A 2020 survey conducted by Ipsos reveals that for a lot of countries around the world, people think there is still a lot of progress needed to make gender equality a reality.
In their survey, Ipsos interviewed more than 18,000 adults across 26 countries about their global views on acceptable behaviour and equality in the workplace.
In one of their interview items, Ipsos asked the respondents whether or not they agree with the statement: “When it comes to giving women equal rights with men, things have gone far enough in my country.”
The global average shows that there is a divide in opinion on whether or not the country has gone far enough. 48% of the respondents agreed, 47% of the respondents disagreed while the remaining are on the fence.
Dividing the respondents by sex, we can see that 55% of the men agreed but only 42% of the women agreed. Examining the responses this way matters a lot since women are the ones directly experiencing inequalities in their daily lives.
Let’s further break down the figures by country. Which countries have the biggest shares of respondents agreeing to the statement given by Ipsos?
It turns out that this country is Spain, where 71% of the respondents agree that their country has gone far enough in giving equal rights to women. Breaking this down by sex, 68% of the women agreed to this statement, while 74% of the men agreed.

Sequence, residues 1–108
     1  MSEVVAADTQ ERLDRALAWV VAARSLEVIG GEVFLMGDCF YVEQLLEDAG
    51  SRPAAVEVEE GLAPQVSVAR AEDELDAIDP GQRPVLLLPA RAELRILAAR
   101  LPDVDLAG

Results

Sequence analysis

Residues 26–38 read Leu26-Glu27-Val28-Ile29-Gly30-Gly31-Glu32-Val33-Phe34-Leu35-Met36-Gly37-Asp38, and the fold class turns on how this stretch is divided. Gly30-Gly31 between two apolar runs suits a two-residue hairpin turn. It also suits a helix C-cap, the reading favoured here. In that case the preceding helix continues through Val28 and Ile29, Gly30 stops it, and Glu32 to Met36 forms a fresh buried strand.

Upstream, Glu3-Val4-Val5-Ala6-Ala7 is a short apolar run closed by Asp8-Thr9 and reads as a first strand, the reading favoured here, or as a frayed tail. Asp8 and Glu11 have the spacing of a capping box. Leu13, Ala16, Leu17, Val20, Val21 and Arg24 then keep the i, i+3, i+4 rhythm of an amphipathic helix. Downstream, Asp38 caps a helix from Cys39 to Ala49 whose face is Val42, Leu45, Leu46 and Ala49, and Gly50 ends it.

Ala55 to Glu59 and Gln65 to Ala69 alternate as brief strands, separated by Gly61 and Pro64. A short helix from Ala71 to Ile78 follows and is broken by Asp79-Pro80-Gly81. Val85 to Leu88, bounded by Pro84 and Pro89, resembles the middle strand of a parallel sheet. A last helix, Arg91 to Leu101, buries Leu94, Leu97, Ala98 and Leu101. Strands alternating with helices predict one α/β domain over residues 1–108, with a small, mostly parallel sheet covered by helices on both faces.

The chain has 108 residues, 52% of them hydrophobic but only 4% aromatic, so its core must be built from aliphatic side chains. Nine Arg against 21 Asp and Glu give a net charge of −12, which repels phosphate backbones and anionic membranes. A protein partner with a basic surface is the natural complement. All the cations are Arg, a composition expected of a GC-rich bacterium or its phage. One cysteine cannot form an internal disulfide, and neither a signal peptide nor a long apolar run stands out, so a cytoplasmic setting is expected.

Spain is followed by Malaysia, where 68% of the respondents agreed. By sex, 68% of the women agreed while 69% of the men agreed.
The United States lags behind the rankings, with only 33% of the respondents agreeing that the US has done enough in giving women equal rights with men. To make things worse, only 27% of the female respondents agreed to the statement versus 38% of men.
On the other end of the extreme, Brazil has the lowest share of respondents agreeing to the statement, with only 30% of respondents overall doing so.
Apart from the agreement rate, the discrepancy between the male and females responses are also of interest.
Malaysia recorded the lowest discrepancy in responses among the male and female agreement rates, only differing by a single percentage point.
Meanwhile, South Korea recorded the highest discrepancy in the rate of agreement between males and females.
While 55% of the South Korean respondents agreed overall, only 38% of the women agreed while 71% of the men agreed, meaning there is a 33-percentage point difference. This means that the relatively high overall agreement rate was only pulled by the rather inflated agreement rate of male respondents.
The fight continues
Women’s History Month may be coming to an end but that doesn’t mean that the fight for gender equality will end as well.
Apart from laying down the necessary regulatory framework to ensure that women will experience equal rights with men, there is, of course, a need to effectively implement this framework so that the people can feel these measures truly being in place.